Medicare Compliance for Clinical Laboratories

  • Date: February 14, 2011
  • Source: Admin
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The Clinical Laboratory Improvements Act of 1988 set certain conditions that medical laboratories must meet in order to perform testing on human specimens. The Act categorizes testing as follows:

  • waived complexity, moderate complexity, a subset of moderate complexity testing,
  • provider-performed microscopy (PPM) or high complexity testing.

Waived testing is usually associated with physician office laboratories or hospital nursing units. PPM testing is also usually associated with physician office laboratories or hospital units. Moderately and highly complex tests are usually associated with hospital laboratories or reference laboratories. To qualify for either of these certificates, stricter requirements must be met like:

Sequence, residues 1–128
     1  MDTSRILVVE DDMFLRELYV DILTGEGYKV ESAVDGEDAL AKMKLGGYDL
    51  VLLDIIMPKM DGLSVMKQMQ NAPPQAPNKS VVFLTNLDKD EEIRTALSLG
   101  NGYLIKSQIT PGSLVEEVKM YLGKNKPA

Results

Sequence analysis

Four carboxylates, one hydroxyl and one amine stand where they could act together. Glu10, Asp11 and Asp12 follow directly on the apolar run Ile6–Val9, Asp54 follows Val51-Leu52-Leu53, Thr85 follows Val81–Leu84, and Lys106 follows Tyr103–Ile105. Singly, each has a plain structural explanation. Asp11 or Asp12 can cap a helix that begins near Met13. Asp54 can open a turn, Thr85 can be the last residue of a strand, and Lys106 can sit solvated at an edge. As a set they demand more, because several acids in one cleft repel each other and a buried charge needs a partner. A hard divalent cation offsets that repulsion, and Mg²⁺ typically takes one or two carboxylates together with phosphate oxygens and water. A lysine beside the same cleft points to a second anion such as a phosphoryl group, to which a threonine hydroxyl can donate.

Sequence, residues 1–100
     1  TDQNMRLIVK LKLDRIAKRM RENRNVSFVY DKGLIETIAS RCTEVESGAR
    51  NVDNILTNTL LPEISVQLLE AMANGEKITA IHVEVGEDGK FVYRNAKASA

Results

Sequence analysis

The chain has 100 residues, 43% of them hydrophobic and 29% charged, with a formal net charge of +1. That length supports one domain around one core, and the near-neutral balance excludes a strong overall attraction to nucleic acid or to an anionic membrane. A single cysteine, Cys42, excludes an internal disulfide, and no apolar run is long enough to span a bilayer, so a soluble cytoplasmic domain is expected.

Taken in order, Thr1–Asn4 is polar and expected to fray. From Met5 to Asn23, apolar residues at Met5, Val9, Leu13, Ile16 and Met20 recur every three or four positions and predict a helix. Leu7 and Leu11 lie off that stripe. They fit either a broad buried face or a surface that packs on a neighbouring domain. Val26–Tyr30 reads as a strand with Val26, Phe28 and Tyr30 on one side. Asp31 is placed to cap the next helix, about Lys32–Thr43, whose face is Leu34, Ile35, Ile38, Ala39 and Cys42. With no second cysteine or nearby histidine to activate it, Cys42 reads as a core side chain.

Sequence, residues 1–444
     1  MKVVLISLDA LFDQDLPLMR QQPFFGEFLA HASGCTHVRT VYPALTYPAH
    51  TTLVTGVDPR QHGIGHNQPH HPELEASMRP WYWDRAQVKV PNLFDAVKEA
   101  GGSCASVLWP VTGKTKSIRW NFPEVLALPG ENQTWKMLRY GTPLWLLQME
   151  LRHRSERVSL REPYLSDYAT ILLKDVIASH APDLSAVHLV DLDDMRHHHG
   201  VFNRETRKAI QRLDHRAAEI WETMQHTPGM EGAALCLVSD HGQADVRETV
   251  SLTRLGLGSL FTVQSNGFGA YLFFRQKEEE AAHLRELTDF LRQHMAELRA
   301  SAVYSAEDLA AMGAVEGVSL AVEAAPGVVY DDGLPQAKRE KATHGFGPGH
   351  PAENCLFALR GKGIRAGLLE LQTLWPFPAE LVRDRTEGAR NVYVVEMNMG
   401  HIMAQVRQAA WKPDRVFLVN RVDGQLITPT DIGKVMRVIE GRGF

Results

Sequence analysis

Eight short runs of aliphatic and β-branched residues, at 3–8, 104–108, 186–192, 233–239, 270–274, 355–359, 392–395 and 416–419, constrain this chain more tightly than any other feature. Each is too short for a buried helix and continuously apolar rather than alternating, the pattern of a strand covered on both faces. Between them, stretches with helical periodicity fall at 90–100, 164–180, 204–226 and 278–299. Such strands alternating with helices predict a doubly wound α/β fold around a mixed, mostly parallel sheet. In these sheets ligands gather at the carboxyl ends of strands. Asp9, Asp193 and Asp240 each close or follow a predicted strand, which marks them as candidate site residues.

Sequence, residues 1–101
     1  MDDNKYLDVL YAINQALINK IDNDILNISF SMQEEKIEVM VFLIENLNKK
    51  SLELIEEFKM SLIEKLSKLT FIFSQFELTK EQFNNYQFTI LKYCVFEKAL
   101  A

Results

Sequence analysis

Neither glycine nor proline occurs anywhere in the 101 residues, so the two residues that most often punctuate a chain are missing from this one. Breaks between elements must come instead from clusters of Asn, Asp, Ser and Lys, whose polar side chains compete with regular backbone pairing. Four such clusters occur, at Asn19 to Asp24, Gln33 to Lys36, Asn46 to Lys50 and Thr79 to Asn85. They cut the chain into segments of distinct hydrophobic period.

• participating in proficiency testing,
  • performing a quality check system and
  • meeting personnel testing requirements of the CLIA ’88.


Compliance with quality and regulations is a continuous process for the clinical laboratory.  Inspections are mandatory. Typically an inspection by an outside source is required every couple of years.  Interim self-inspections are required in the off-year. If there are complaints against a laboratory, inspections can be more frequent. Inspections involve maintenance and function checks, calibration and calibration verification procedures, and monitoring of the quality control system.

At the minimum, the laboratory / organization should follow: 

  • manufacturer instructions or provide documentation to expand beyond manufacturer claims,
  • regulatory guidelines, and
  • its own policy and procedure.

The laboratory or organization concerned is held to all of these standards and must demonstrate compliance for a successful accreditation outcome.





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